One of the giants of Twentieth Century music and the international art scene, John Cage began his ventures into the avant-garde as a student of Arnold Schoenberg but soon found even the master's atona...
Los Angeles, California, USA
|Modern American Composers I||1983||Actor||Himself||19837|
|John Cage: I Have Nothing to Say and I'm Saying It||1990 1989 - 1990||Actor||n/a||19907|
|The Colors of the Prism, the Mechanics of Time||2011||Actor||Himself||20117|
|Jasper Johns: Ideas in Paint||Actor||n/a||7|
|Mr. Hoover and I||1990||Actor||Himself||19907|
|C'est la vie Rose||1976||Actor||n/a||19767|
|Poetry in Motion||1981||Actor||Himself||19817|
|Merce Cunningham Dance Company||1976 1975 - 1976||Music||n/a||1|
|Salvator, die Inseln und Ich||1986||Music||n/a||1|
|Modern American Composers I||1983||Music||n/a||1|
|John Cage: I Have Nothing to Say and I'm Saying It||1990 1989 - 1990||Music||("Branches" "Inlets" "Water Music" "Four Minutes and Thirty-Three Seconds")||1|
|Balanchine and Cunningham: An Evening at American Ballet Theatre||1987 1986 - 1987||Music||music "Improvisation III"(("Duets"))||1|
|Shutter Island||2010||Song||("Music For Marcel Duchamp")||1|
|Shutter Island||2010||Song||("Root Of An Unfocus")||1|
In finding music everywhere, Cage always placed unique demands upon both his listeners and his musicians. His "Water Music" (1952) featured a pianist pouring water and blowing water whistles and "O'O" consisted of the sounds of vegetable slicing, a blender, and the drinking of the nutritious juice which resulted. Even when Cage allowed artists to use the devices for which they were trained, he put his own unique spin on them. His doctored pianos, with dampers installed to produce a wide range of atonalities, are legendary, and he even composed works which require pianists to slam down their key protectors and opera singers to scream their lungs out. Cage pioneered electronic music as early as 1939 with his "The Imaginary Landscape No. 1" and, heavily influenced by Zen Buddhism and the "I Ching, Book of Changes", introduced the element of chance into his music. Leaving leeway in his compositions as to when given notes would be played (or given sounds would essay forth from radios) Cage insured that each performance would be a unique event. Considering just how important he is in the contemporary musical history, his connections with the worlds of film and TV are regrettably slight. He was the subject of an installment of the PBS documentary series "American Masters" and made sporadic apperances elsewhere, most notably as one of the subjects of the 1991 documentary "Cage/Cunningham".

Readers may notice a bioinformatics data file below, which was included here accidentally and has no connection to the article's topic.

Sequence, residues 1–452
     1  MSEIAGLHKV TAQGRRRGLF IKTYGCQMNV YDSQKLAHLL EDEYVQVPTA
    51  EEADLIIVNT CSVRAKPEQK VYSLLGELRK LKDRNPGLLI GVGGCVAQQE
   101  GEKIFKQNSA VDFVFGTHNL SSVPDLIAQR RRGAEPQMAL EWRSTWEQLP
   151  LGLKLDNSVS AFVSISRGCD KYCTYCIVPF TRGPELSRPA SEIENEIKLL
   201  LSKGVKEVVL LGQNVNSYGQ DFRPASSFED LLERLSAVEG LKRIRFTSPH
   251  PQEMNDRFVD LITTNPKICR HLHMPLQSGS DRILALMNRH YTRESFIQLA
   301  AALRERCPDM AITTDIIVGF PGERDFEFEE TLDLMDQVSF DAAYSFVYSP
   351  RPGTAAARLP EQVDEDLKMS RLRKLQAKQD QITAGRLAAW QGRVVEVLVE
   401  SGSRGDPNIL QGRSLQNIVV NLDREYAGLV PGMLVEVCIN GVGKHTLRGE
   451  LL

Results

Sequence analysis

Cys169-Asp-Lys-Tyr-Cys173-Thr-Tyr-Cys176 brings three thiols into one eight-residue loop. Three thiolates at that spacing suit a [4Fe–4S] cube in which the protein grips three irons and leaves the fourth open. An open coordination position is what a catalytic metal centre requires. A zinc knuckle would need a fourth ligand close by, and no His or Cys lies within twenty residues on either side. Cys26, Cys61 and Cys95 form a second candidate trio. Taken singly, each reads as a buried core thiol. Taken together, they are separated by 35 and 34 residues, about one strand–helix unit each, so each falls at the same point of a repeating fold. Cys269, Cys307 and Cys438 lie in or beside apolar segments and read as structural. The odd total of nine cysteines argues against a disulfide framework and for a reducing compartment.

|Xenia Kashevaroff||Wife||married on June 7, 1935; divorced in 1945|
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